Bucket Lists

At the bookstore last week I spotted a featured title, “The Bucket List: 1000 Adventures Big & Small.” It was a fat book with lots of pictures and recommendations for everything from howling at the moon at a Polar Park in Norway to climbing to the peak of Mt. Kilimanjaro. This is a book that might have greatly appealed to my younger self, but when I started to look at it I suddenly felt exhausted. There is simply no way that I still have the time, energy, or money left to go on even a small fraction of these adventures. Instead of filling me with excitement about all the great things I could still do in this lifetime it made me feel like I had wasted half my bucket-listable vacation time going to see relatives in Omaha.

My younger self had naturally fantasized about visiting the Seven Wonders of the World: the Pyramids of Egypt, Machu Picchu, the Taj Mahal etc. But then at different stages of life I also fantasized about being the lead guitarist of Grand Funk Railroad, a fireman, and starting pitcher in the seventh game of the World Series, or more realistically becoming a doctor, a lawyer, or a tax accountant. Tragically (or luckily) as the case may be, none of these things came to pass. And although I have visited about a dozen different foreign countries (one of which no longer exists) and every state in the Union (except for North Dakota), I know I’m never going to match the record of my friend John who has managed during his 80 or so years to travel to every single country on the planet. The last country he visited was Yemen, which he finally got into just before Covid hit, even though the State Department travel advisory at the time stated: “Do not travel to Yemen due to terrorism, civil unrest, health risks, kidnapping, armed conflict, and landmines.” But what’s a little risk of being kidnapped by a terrorist with cholera compared to completing the last square on your bucket list bingo card?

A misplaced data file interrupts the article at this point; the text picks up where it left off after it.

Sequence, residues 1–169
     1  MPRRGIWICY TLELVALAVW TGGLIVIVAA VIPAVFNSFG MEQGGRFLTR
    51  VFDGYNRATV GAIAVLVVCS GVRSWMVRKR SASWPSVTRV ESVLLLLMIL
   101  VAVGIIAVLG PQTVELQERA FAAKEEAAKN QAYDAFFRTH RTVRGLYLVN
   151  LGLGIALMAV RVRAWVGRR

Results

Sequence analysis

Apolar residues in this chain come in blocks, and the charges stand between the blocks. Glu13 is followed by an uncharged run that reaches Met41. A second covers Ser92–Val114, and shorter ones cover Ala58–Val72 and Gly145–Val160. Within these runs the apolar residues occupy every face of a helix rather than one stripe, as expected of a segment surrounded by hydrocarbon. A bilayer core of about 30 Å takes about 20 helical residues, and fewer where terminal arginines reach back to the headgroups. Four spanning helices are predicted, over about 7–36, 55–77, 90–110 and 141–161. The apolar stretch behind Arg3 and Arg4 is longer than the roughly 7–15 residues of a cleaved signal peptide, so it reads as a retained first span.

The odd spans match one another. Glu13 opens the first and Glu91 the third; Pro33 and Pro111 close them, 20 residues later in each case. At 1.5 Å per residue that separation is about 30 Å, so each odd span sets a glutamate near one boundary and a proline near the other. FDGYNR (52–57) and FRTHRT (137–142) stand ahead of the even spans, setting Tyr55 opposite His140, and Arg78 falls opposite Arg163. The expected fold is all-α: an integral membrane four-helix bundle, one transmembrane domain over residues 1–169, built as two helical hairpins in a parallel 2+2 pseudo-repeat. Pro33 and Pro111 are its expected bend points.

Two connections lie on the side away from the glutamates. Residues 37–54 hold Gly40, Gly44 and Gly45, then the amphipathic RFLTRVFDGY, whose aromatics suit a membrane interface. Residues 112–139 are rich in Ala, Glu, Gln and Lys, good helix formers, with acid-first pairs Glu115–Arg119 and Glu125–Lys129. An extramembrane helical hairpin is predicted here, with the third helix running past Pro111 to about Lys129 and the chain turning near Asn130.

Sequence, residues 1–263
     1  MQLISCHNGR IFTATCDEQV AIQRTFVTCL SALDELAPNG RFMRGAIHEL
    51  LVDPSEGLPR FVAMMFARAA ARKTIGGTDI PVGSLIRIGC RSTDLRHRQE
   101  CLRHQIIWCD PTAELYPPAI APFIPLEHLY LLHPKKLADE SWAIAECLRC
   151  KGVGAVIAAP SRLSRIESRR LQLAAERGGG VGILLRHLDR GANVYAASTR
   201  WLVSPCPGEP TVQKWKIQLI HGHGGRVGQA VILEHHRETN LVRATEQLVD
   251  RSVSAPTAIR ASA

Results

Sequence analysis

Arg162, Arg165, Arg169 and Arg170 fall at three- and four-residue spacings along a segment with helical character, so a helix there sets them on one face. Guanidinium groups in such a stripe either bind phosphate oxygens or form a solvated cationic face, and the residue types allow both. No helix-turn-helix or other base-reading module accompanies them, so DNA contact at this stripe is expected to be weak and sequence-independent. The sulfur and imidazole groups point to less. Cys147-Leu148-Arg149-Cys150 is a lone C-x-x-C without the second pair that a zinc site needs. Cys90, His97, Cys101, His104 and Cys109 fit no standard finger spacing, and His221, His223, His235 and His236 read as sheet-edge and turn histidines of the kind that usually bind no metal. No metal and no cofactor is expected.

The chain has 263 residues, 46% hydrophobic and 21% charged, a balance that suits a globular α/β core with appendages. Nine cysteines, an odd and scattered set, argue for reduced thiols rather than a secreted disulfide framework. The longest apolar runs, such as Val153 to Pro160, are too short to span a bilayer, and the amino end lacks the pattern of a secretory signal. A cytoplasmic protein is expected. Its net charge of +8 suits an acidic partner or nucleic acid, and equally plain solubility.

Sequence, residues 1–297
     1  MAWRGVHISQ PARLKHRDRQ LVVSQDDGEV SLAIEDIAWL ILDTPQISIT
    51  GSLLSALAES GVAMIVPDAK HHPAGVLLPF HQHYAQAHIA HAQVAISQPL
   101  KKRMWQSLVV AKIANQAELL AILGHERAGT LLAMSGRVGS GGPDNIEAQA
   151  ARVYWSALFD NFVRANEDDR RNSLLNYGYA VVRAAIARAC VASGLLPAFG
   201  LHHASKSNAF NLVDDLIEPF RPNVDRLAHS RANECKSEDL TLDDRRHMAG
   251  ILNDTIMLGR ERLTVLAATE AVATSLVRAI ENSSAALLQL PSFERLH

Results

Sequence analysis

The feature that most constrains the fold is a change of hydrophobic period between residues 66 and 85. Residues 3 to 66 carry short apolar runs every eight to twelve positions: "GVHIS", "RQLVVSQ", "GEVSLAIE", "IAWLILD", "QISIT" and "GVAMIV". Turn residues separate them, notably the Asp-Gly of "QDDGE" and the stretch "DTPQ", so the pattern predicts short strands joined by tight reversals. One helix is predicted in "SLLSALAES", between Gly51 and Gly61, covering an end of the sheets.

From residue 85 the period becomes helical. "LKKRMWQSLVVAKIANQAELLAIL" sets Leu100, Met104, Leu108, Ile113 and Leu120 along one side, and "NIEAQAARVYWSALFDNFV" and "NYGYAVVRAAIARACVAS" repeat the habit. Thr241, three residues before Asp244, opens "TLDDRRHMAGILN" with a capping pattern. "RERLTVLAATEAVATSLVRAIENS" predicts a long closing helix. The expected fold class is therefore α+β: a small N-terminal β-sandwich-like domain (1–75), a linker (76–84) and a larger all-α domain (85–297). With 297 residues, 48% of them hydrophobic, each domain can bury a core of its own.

My friend Larry has been to Machu Picchu with his wife Liz who insisted on going through with their rigorous itinerary despite the fact that she was still recovering from knee replacement surgery. When I showed him the book he said that in the future if there were any other bucket list destinations that friends insisted that they had to go to they planned on finding a nice picture of the place online, and then photoshopping themselves into it. Suitable for framing or posting on Facebook or Instagram. Because ninety percent of travel is just showing up in a photo-op.

Instead of collecting frequent flyer miles and communicable diseases jetting around the globe I’m working on a different bucket list. Here are some of my remaining goals:

Go for an entire day without once thinking about Donald Trump.

Successfully go out to eat one more time to our favorite restaurant on the West Side. (The last three times we tried we couldn’t get a reservation, and the time before that we couldn’t find a parking space within five blocks.)

Eat a bag of salted potato chips without worrying about my blood pressure or cholesterol reading.

Successfully go out to a movie with all three grandsons and sit through the entire feature without having to leave because somebody spills their soda in somebody else’s lap (usually mine).

Spend an entire afternoon on the couch reading a book, like I always imagined I’d do when I finally retired.

For the most part I’ve given up on goals and to-do lists. I’m not going to be able to go everywhere and do everything that I once imagined I would. I’m not going to be the first grandfather to play a round of golf on the moon. I won’t become the first banjo player to have a solo concert at Carnegie Hall. But one way or another I am going to make sure of one more thing: I am going to take a triumphant tour of the coffee shops of downtown Fargo, North Dakota!

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